The Consolidated Appropriations Act of 2023 was passed in December 2022. It ordered states to start developing a plan to replace stolen benefits. Those plans were due to be submitted to the USDA’s Food and Nutrition Service by February 27, 2023. This was quick movement for the government!
However, even though all states have submitted their plans, there are still a handful of states that have not yet had their plans approved by the FNS yet. These states are still waiting for their paperwork to be reviewed before they can set a date for implementation.
Of the states that have been approved, only about 27 of them have already started implementing their plans. The remaining states are still setting up their systems and expect to begin issuing those replacements very soon.
However, some states began to replace EBT benefits as early as March 2023. Maryland was the first state to implement their system and it launched on March 6, 2023.
How to Replace EBT Benefits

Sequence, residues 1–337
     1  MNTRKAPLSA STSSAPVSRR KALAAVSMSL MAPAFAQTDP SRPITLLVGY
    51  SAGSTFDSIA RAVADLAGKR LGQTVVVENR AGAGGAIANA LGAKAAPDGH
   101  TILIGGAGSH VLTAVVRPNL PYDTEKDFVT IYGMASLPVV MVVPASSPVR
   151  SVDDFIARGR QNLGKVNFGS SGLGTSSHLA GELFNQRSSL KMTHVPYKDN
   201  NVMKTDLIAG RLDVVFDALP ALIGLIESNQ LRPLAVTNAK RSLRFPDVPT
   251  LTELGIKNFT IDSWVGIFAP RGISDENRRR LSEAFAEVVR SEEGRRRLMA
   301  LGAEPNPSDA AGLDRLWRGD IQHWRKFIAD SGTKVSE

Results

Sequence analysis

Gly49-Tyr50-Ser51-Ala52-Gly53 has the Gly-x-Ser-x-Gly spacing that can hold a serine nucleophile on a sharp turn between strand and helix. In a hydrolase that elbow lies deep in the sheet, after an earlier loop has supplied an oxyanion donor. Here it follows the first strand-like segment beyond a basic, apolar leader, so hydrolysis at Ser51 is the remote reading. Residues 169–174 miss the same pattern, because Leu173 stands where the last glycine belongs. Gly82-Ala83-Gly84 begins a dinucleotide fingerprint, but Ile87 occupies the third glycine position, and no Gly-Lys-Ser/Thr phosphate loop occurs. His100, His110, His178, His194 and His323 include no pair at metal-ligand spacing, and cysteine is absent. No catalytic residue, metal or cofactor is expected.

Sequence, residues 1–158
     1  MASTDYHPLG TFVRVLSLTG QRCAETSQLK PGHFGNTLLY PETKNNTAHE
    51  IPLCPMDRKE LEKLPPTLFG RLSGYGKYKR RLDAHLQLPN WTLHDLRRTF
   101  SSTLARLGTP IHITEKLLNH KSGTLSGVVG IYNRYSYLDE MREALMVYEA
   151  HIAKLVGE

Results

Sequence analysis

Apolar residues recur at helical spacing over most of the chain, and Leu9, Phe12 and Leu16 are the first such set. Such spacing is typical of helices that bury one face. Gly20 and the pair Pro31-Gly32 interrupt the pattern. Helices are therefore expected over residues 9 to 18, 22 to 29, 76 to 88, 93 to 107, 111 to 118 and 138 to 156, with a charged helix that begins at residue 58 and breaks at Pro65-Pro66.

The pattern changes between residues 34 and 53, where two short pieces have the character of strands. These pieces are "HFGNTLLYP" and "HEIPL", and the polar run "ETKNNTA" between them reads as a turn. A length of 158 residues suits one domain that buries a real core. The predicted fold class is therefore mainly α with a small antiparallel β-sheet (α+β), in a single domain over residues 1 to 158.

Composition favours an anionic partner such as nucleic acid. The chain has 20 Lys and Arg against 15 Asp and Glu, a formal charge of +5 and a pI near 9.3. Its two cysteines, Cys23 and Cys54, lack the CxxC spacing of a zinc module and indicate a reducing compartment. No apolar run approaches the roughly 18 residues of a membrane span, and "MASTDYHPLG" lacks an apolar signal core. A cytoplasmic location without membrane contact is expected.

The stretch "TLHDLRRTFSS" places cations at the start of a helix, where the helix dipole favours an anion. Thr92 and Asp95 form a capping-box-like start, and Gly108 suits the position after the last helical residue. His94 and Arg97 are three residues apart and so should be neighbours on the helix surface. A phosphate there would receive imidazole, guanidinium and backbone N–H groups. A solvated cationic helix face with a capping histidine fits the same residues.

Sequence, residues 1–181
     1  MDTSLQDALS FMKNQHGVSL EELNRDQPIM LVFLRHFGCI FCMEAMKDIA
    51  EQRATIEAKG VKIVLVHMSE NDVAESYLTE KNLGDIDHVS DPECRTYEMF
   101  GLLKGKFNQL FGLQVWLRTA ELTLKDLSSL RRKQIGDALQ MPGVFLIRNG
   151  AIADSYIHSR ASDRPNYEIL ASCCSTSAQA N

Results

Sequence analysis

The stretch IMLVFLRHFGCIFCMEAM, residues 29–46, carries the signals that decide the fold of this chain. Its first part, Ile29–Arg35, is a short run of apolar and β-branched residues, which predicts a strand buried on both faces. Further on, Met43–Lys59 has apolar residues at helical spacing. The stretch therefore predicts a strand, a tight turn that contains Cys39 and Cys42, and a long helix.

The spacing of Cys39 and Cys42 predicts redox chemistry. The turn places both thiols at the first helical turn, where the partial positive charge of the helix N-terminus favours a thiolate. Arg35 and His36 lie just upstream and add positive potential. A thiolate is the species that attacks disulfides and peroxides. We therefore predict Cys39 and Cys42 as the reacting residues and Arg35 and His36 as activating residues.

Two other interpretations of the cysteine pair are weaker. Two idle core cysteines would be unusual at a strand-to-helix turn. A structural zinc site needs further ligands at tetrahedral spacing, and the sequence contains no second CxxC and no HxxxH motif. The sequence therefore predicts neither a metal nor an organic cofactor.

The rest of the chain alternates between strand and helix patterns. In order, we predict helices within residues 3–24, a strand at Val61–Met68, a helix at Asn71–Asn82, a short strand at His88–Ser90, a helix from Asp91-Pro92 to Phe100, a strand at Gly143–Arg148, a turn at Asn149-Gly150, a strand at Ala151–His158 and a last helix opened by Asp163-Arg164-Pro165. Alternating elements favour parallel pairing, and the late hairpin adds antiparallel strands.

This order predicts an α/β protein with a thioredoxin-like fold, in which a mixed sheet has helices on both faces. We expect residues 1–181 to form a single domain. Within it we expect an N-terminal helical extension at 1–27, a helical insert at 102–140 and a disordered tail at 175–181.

The procedure varies by state because each state administers its own EBT replacement programs. That’s also one of the reasons why users in some states have to wait longer than others.
Report the Theft
Regardless of where you live, the first step is to report the theft. This can be done by calling, visiting the office in person, or filling out a form on their website, if available. Some states have modernized the reporting process by adding online forms, while others may still require more traditional methods.
When you report the theft to the food stamps office, they may also ask you to report the theft to the police. Some states may require you to submit a copy of the police report before they process your claim for replacement benefits.
Complete the Paperwork
After reporting, some states may ask for a signed affidavit or documentation to prove that the theft occurred. This paperwork can be tedious but it is very important that you fill the paperwork out completely and turn it in on time.